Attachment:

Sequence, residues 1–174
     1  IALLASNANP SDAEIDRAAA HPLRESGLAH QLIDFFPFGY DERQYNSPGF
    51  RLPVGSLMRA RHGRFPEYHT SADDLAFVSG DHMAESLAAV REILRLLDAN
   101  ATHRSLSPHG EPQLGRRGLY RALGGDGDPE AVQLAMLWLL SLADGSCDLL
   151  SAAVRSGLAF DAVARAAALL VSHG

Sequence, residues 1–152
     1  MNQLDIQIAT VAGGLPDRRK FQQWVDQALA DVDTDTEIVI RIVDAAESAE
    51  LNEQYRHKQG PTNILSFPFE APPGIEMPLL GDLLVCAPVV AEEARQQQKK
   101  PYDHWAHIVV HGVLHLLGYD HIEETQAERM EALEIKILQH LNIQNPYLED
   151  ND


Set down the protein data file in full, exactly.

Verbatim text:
Sequence, residues 1–174
     1  IALLASNANP SDAEIDRAAA HPLRESGLAH QLIDFFPFGY DERQYNSPGF
    51  RLPVGSLMRA RHGRFPEYHT SADDLAFVSG DHMAESLAAV REILRLLDAN
   101  ATHRSLSPHG EPQLGRRGLY RALGGDGDPE AVQLAMLWLL SLADGSCDLL
   151  SAAVRSGLAF DAVARAAALL VSHG

Sequence, residues 1–152
     1  MNQLDIQIAT VAGGLPDRRK FQQWVDQALA DVDTDTEIVI RIVDAAESAE
    51  LNEQYRHKQG PTNILSFPFE APPGIEMPLL GDLLVCAPVV AEEARQQQKK
   101  PYDHWAHIVV HGVLHLLGYD HIEETQAERM EALEIKILQH LNIQNPYLED
   151  ND